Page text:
Iran proves that Biden’s pro-diplomacy rhetoric is not enough

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Ebrahim Raisi

Ebrahim Raisi

Brigadier General Qassam Soleimani

Brigadier General Qassam Soleimani

This month, one of the world’s most consequential elections occurred with very little drama or fanfare. This election was the presidential race in Iran, which, despite its reputation as a totalitarian state, has a complex political system, with contested elections, opposing factions and close races. And since 2013, Iran has been led by President Hassan Rouhani, a reformist who centered much of his presidency around the Joint Comprehensive Action Plan — known by most as the “Iran nuclear deal.”

The deal, which saw Iran scale back its nuclear program in exchange for sanctions relief, put Iran’s reformists in a dominant position. Rouhani’s job approval rose as high as 88%, and the country’s hardliners were so shaken that the president ran his 2017 re-election campaign essentially unopposed.

But just four years later, those same hardliners now control the country. After the major reformist candidates were barred from running, Ebrahim Raisi, the incumbent chief justice of Iran, was elected in a landslide with low turnout. Described as the “ruthless enforcer of Iran’s clerical elite” and one of the most conservative leaders in a generation, Raisi will be certain to lead Iran down a repressive and decidedly anti-western path.

How could Iranian politics change so drastically over just four years? Why have the country’s elites, once open to the reformists, so uniformly closed ranks around figures opposed to even engaging with the West? The answer is simple: the Trump administration’s aggressive, uncompromising and failed “maximum pressure” doctrine and the Biden administration’s continuation of it.

This policy saw the U.S. drastically increase military and economic pressure on Iran in order to inflict maximum damage on the country. It began at the start of Trump’s presidency, as his administration unilaterally increased sanctions on Iran, in direct violation of the agreement and in spite of Iran’s continued compliance on their end of the deal.

By 2018, the U.S. pulled out of the deal entirely, deteriorating relations with both Iran and America’s traditional allies in Europe. Throughout 2019, the U.S. began building up forces in the Persian Gulf, and at the start of 2020, relations reached their lowest point in decades with the assassination of General Qasem Soleimani, an act that nearly brought the two countries to war.

This policy had a specific goal in mind: to cripple Iran’s economy and military so severely that its people would be inspired to overthrow the ruling government. Not only did this not occur, but the opposite happened.

Rather than inspiring antipathy towards the ruling government, Trump’s new sanctions instead gave the regime more license to blame the U.S. for all of Iran’s problems, enabling them to paper over their own mistakes. The killing of Soleimani only increased the strength of the government, turning one of their top officials into a martyr overnight.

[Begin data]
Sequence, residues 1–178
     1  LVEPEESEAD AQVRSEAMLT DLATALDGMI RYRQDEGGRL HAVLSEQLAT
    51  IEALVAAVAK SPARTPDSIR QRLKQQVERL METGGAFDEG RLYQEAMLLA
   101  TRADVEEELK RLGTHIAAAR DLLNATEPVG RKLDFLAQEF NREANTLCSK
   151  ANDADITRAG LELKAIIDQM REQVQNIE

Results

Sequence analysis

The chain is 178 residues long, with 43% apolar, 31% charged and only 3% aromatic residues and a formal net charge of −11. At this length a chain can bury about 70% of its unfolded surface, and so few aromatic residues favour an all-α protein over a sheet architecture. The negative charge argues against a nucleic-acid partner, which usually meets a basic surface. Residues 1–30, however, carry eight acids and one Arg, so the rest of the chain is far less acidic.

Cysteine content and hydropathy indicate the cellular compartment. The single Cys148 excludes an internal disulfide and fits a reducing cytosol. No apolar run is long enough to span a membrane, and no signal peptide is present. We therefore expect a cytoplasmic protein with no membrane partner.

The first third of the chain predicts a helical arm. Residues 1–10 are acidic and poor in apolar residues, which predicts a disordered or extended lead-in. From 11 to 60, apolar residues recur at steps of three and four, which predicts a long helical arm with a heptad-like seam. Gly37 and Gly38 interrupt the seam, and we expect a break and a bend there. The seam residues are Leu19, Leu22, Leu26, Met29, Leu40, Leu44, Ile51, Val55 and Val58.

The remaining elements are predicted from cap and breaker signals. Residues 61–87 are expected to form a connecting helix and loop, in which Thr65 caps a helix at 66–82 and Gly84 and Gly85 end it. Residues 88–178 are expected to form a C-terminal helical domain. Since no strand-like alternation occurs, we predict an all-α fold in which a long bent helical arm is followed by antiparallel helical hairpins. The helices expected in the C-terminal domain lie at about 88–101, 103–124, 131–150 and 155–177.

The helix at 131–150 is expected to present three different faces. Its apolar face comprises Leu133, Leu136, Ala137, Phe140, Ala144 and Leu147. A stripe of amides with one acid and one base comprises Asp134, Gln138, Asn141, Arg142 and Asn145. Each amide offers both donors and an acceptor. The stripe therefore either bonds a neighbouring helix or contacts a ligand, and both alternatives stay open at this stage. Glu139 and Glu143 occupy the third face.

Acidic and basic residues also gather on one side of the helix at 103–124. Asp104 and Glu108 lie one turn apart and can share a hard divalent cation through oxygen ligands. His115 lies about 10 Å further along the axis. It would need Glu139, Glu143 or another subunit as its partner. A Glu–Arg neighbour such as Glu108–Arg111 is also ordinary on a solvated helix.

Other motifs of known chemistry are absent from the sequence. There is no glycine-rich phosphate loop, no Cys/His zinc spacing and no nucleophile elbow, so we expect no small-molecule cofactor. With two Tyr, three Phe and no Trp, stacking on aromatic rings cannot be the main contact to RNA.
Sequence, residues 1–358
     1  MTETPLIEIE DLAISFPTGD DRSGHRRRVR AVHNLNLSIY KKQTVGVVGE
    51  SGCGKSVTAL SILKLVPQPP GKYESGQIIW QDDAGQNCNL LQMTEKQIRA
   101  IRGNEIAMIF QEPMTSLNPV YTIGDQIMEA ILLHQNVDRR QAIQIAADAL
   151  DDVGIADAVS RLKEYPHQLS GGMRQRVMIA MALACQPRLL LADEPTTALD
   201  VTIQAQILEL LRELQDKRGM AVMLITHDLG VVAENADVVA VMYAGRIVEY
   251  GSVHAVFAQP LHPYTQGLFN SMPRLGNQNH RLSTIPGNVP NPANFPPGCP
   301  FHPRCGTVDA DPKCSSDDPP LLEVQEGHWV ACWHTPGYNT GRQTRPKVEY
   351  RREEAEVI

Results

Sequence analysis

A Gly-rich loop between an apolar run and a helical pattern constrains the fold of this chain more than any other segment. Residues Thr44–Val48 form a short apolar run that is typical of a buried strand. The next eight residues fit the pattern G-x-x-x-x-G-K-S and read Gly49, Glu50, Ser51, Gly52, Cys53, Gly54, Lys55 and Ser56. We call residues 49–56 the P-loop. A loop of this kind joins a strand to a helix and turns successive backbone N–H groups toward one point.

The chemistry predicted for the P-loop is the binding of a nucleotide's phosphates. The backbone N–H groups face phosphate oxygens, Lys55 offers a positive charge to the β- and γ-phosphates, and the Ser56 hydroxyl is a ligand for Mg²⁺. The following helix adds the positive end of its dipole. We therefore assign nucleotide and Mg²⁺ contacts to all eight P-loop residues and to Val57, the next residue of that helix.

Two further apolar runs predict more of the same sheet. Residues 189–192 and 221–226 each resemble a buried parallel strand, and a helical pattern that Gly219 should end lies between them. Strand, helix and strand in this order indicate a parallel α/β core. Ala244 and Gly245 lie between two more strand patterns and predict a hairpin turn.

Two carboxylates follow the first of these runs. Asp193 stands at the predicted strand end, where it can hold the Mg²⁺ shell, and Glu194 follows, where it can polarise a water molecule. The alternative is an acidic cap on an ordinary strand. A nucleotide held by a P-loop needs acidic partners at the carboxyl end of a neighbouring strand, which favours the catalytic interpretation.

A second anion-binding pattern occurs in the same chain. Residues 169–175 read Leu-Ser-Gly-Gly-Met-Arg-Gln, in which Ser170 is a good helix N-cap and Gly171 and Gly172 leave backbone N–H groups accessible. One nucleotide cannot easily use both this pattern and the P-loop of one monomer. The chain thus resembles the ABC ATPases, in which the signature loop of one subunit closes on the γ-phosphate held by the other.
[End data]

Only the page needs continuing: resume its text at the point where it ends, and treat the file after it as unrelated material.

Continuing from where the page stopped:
After years of antagonism, it’s no surprise that Iran’s elites have chosen to take a hardline stance towards the U.S. in response. But the blame is not solely on the Trump administration.

President Biden and his State Department also share significant responsibility for these recent developments. Iran’s presidential election was in June of 2021, not 2020. This means that Biden had six months to work with Rouhani, with whom he already had significant personal experience as Vice President, to save the Iran deal. If done correctly, Biden could have revived the political fortunes of the reformists just in time for the election, setting the stage for years of future diplomatic efforts for the rest of his presidency.

The president not only failed to do this, but he didn’t even try.

As a prerequisite to re-entering negotiations, Iran has requested that the U.S. lift the new sanctions created during the Trump administration. In their eyes, this would guarantee that the new administration is acting in good faith. But despite the fact that this offer matched Biden’s own campaign promises, the Biden administration rejected it.

Rather than lift the sanctions that are in violation of an agreement he helped negotiate, Biden has kept the same demands as the Trump administration. His administration has spent half a year demanding that Iran make the first move by unilaterally scaling back their nuclear program.

As a result, both countries have been at an impasse. It is hard to think of a good reason why the U.S. has continued these hardline, Trump-era policies. Perhaps the Biden administration chose this hardline stance because they felt as if Trump’s increased sanctions had given them more leverage. Or perhaps they were afraid of the political consequences of being perceived to have squandered that leverage.

Maybe they really believed their own rhetoric about how “America is back” under Biden, and that foreign leaders would be so grateful about Trump being gone that the new administration would not have to make any hard decisions.

In any case, the last six months have been a failure. Where he once had the opportunity to save Iran’s reformists from political irrelevance, Biden will now have to spend the next four years negotiating with a man who has already ruled out meeting with him in person.

If one positive thing can come out of this debacle, it can be the knowledge that merely not being Trump is not enough to fix the damage that the former president caused internationally. If the U.S. is truly to move on from Trump’s presidency, it will have to make the first step — in Iran and around the world.

Source » redandblack

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